It could have been different. Different in so many ways. But the script wasn’t altered. Not enough for Clark, anyway. Upon the whistle, Clark scampered around to find himself another one of his trusty front-headlocks. And why not? Despite Provisor having defended the move in the first bout, going with what has worked so well in the past is a viable strategy. You know, like a power pitcher saying “If I’m going to get beat, it’ll be with my fastball.” That sort of thing. Clark’s front-headlock isn’t merely a good one. No, it’s a great one. He knows how to roll his wrists in just the perfect way and adjust depending on the opponent’s width, the separation, the depth, the situation. It’s a major scoring hold for Clark. He could probably give an eight hour presentation on the move’s finer points complete with slides and a “Q & A” session to follow. The only problem was that as soon as he dropped to his left hip to roll, Provisor rose. In more ways than one.
One too many times
Provisor picked his head up as Clark dropped down. He then wrapped his left arm around Clark’s hip and slung his right arm over Clark’s shoulder. You wanted a story? Provisor proceeded to drive Clark to his back holding him there, holding on for dear life and the hope that everyone would now see that this was all part of his plan. That he hadn’t really left, he was just biding his time. Ben Provisor wasn’t the same wrestler he was in 2012. He wasn’t the same wrestler he was in 2015 for crying out loud. He had improved, but not just in technique or strength and stamina. Something else. He had grown. Provisor may have believed this was all inside of him the entire time and maybe that’s true. The outlying variable was that now he understood what this all meant to him in a way that made it easier for everyone else to understand it, too.
The referee signaled for the fall, prompting Provisor to stand up and flex in celebration. The Minnesota Storm side challenged the call because they thought maybe Provisor had interfered with Clark’s leg to stop the hold. Three-time Olympian and Minnesota Storm head coach Dan Chandler yelled towards the mat, “Caution and two more!” The replays didn’t provide the evidence Clark, Chandler, or the entire state of Minnesota was hoping for. The scene was one of divergent splendor. Jake Clark’s inspiring journey had come to an end in a flame, its embers radiating to highlight wounds old and new. There was an escape in his gracious nature. He accepted the moment, offered his counterpart congratulations and walked off of the platform, maybe for the last time.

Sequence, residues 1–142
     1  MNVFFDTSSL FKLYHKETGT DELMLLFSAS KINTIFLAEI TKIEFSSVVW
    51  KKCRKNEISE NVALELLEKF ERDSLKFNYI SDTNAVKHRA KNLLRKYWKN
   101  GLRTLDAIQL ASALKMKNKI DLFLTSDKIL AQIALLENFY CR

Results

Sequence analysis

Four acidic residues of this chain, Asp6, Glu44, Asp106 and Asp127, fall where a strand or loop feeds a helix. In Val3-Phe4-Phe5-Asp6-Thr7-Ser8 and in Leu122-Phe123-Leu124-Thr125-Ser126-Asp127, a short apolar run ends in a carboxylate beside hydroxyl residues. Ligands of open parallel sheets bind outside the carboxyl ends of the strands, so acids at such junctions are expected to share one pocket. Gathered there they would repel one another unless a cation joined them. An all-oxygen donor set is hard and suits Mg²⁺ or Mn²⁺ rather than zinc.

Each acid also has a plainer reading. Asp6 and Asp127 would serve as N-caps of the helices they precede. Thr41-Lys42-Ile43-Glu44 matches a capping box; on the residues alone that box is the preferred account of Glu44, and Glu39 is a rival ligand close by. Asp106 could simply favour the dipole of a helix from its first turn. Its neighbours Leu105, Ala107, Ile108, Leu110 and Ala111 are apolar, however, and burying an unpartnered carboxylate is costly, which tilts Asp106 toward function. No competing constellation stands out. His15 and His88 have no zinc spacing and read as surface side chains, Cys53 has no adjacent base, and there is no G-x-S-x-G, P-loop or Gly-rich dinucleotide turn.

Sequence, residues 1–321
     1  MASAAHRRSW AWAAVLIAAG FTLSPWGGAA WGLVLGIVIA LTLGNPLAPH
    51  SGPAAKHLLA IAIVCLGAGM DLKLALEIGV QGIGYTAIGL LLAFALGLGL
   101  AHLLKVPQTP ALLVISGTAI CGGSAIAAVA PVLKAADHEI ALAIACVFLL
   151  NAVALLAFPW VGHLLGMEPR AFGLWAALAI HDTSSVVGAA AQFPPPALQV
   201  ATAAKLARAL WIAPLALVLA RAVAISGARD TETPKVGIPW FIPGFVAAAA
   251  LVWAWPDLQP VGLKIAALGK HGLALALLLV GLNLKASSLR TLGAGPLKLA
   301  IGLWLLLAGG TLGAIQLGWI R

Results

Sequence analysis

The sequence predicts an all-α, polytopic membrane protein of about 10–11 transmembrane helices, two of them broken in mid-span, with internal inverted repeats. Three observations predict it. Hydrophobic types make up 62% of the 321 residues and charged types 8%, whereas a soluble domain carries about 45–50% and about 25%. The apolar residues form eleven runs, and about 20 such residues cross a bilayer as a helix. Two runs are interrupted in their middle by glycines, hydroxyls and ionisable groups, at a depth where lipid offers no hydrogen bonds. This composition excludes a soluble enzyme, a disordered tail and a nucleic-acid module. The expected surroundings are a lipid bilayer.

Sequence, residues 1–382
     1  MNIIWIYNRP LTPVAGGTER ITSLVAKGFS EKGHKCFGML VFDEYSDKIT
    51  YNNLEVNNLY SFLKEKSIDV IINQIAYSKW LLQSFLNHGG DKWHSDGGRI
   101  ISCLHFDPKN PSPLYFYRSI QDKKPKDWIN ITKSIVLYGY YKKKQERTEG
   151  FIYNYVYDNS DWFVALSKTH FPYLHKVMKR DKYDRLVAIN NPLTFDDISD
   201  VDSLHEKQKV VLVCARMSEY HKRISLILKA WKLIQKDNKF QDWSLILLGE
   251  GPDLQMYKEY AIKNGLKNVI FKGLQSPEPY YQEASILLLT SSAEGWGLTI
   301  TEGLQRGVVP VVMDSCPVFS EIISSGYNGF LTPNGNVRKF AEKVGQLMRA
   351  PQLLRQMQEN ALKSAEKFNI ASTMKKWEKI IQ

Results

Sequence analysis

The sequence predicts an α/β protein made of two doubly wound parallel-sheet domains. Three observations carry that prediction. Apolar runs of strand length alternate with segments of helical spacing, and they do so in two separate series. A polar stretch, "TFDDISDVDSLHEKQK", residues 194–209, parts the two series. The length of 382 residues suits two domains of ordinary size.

If it felt like there was a curtain closing, it was only because Provisor was bowing following his encore. A lot can happen in a month, so imagine what can happen inside of four years. Adult things. Marriage. A daughter. Injuries. Tales not told. Tales that maybe don’t need to be. Scars from battle, scars from scalpels. It was all a blur. Pain is pain and when it’s gone there is often an emptiness born in its place. There has to be something to fill that void. Victory is a worthy substitute. So is the satisfaction of proving to skeptics that your level of self-belief far exceeds their lack of knowledge about you. A fully-filled well is only good if people know to drop a bucket down.
Summer is here and it is going to move fast. The United States Greco Roman Olympic Team is due to leave for Brazil during the second week of August which means that for them, the warm season is going to go even faster. Training camps, recovery, more training, more recovery. Then it’s time to organize passports and itineraries before kissing loved ones and saying, I’ll see you when you get there. That’s the best thing about this for Ben Provisor. He’s already been there before. Twisting turns along with devastating setbacks had marked his return. To complete the resurrection he was called upon to do battle with a man who has also navigated his own share of peaks and valleys. A man who wanted what Provisor now holds close but understood the road back well enough to respect the process. You really can’t ask for much more from an opponent. It’s enough that athletes have to struggle with life’s peripherals when they aren’t even competing. At the very least you want your partner in battle to deserve to be there when the lights are on. No one did more than Jake Clark.
Except Provisor. To him, this was always his to begin with. Believing you can do something and knowing that you can are mutually exclusive concepts. Should it prove difficult to defeat a man who believes, it is exceedingly more so when contending with one who knows. And that is what this has been about for Ben from Wisconsin. He knew it, he took it, and he is here to tell you there is unfinished business that requires his attention. If we’ve learned anything, it requires yours, too.